At Melfort Dental Group, our Melfort dentists offer natural-looking dentures to replace missing teeth, as well as the surrounding gum and jaw tissue.
What are Dentures?
Dentures are artificial tooth replacements that allow patients with missing teeth to maintain their facial profile, eat properly and speak well. They can be used to replace one missing tooth, several missing teeth or all of the teeth.
Replacing missing teeth is essential to your oral health. If you are missing all or some of your natural teeth, dentures are an affordable option for replacing them.
Types of Dentures
Whether you need dentures to replace one missing tooth, a row of teeth or a whole jaw, your dentist can help you decide on the right option for you.
- Full Dentures
Your dentist will use full dentures, commonly referred to as false teeth or complete dentures, if you are missing a whole jaw of teeth.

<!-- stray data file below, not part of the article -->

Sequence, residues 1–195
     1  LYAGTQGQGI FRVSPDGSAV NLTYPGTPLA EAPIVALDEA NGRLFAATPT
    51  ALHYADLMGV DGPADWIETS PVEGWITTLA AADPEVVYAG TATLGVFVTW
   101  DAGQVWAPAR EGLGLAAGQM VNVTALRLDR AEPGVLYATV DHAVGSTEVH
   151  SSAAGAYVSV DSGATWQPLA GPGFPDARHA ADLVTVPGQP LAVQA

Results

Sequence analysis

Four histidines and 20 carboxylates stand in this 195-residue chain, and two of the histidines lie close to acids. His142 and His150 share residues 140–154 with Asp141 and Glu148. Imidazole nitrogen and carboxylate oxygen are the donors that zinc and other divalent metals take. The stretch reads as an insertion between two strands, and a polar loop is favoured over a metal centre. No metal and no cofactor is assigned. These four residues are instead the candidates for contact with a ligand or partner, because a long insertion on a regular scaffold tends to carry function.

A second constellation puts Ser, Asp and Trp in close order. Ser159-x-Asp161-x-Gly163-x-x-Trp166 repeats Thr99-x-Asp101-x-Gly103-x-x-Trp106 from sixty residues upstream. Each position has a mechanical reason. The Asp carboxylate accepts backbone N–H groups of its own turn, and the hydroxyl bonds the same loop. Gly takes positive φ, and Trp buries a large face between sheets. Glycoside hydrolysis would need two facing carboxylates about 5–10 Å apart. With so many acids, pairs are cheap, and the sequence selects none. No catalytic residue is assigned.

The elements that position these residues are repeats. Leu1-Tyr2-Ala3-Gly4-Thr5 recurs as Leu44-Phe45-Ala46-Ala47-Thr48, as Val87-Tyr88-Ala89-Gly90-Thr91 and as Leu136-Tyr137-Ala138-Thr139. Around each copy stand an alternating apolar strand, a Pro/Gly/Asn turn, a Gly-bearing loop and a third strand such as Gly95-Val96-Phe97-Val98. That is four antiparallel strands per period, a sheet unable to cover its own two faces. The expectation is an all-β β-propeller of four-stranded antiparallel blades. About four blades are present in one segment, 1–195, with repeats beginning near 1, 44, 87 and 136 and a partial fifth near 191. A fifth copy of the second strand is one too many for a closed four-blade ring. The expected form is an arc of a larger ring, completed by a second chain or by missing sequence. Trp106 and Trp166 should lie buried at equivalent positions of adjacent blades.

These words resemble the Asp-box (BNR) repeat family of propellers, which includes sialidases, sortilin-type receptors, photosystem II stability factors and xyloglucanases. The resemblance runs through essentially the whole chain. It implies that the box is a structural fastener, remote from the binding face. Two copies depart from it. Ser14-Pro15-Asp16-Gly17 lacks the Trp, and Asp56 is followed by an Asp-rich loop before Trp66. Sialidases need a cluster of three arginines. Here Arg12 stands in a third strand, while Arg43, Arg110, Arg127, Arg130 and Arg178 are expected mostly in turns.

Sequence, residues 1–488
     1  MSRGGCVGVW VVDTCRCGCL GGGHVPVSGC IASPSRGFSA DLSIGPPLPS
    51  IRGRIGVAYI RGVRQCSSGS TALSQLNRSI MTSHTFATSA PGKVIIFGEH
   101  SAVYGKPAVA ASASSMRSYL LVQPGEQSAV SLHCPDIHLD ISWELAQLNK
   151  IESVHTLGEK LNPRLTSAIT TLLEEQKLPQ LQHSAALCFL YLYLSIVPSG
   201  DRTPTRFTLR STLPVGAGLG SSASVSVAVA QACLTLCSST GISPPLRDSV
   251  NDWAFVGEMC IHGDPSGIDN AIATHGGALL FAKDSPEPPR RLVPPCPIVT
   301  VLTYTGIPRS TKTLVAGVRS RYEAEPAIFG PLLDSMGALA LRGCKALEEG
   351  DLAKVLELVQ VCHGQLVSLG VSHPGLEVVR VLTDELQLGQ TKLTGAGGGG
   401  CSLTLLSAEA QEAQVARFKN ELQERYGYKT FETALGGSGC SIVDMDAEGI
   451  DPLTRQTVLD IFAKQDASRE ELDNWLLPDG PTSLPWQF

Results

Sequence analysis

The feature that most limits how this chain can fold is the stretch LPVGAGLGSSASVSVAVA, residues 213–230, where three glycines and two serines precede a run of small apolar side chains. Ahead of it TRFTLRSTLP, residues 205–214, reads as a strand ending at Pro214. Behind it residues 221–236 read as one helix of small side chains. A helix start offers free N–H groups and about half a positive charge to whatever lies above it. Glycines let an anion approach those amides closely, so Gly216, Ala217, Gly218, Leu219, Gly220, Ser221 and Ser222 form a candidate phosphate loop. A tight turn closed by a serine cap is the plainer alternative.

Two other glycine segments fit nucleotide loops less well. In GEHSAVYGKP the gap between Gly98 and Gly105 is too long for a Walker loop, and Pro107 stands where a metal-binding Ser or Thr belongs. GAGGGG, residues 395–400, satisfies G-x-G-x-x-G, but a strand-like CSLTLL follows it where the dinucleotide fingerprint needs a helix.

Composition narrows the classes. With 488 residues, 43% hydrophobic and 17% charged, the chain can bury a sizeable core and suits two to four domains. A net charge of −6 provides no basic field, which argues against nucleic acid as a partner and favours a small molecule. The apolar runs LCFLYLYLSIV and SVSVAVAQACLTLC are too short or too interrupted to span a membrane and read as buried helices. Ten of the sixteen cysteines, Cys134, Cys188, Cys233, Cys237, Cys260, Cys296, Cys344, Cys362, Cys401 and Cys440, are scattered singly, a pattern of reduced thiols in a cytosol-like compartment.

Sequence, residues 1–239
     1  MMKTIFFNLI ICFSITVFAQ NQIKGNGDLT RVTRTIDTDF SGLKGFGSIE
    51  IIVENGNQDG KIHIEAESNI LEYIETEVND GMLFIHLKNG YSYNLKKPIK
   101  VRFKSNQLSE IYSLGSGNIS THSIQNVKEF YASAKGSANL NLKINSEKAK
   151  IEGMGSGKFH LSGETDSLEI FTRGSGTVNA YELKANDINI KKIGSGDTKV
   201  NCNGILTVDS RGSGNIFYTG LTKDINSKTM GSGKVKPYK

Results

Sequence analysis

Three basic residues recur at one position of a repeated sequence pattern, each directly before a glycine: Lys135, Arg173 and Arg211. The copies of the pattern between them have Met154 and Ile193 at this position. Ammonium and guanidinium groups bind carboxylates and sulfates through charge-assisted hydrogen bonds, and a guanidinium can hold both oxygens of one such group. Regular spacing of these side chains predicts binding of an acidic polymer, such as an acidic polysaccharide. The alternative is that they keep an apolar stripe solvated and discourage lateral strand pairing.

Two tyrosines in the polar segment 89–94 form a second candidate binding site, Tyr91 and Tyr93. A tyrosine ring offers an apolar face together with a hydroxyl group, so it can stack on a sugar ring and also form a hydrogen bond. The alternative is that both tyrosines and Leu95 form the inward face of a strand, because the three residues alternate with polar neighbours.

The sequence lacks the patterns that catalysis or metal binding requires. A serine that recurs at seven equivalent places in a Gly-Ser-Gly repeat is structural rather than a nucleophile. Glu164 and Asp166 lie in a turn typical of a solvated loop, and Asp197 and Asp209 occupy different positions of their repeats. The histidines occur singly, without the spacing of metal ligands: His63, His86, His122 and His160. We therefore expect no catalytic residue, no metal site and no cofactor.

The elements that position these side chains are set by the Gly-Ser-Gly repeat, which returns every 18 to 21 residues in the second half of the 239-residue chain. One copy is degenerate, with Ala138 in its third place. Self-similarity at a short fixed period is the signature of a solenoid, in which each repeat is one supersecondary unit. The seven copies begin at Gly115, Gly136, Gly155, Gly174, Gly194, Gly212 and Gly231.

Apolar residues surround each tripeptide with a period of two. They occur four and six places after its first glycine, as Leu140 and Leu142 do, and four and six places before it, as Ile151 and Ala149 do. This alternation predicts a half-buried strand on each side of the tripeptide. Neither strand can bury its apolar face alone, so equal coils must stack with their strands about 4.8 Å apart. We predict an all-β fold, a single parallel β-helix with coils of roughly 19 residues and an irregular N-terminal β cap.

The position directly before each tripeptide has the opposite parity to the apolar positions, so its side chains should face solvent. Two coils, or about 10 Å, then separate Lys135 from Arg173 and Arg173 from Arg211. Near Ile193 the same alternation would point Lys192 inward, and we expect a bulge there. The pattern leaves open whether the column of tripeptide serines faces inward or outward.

You can have them fitted for your upper or lower gums, and they are held in place by suction and/or with the help of an oral adhesive.
Full dentures can be removed for cleaning and sleeping.
- Partial Dentures
Your dentist will use partial dentures if you are missing more than a few teeth or if your surrounding teeth are not strong enough to support a dental bridge.
Partial dentures are made up of one or more artificial teeth held in place by clasps that fit onto your natural teeth or a tooth replacement like a dental crown.
They can be removed for cleaning and sleeping.
- Implant-Supported Dentures
If there is not enough gum tissue to support full dentures, dental implants may be used to help stabilize the dentures for a secure fit.
Benefits of Dentures
When you lose all of your teeth, facial muscles can sag, making you look older. Dentures can also help fill out the appearance of your face and profile. They can be made to closely resemble your natural teeth so that your appearance does not change much.
Filling in a gap caused by missing teeth is also crucial to your long-term oral health. By fitting you for dentures, your dentist will also help protect your remaining teeth from shifting, which can lead to more serious issues like gum disease.